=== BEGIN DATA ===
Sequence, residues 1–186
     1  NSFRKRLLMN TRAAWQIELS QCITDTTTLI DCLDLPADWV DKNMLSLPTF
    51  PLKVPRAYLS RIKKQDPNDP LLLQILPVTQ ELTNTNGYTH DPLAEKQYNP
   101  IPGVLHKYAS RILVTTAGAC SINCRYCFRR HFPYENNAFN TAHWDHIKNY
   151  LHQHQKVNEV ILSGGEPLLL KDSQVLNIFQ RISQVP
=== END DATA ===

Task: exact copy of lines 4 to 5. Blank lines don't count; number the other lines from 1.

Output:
   101  IPGVLHKYAS RILVTTAGAC SINCRYCFRR HFPYENNAFN TAHWDHIKNY
   151  LHQHQKVNEV ILSGGEPLLL KDSQVLNIFQ RISQVP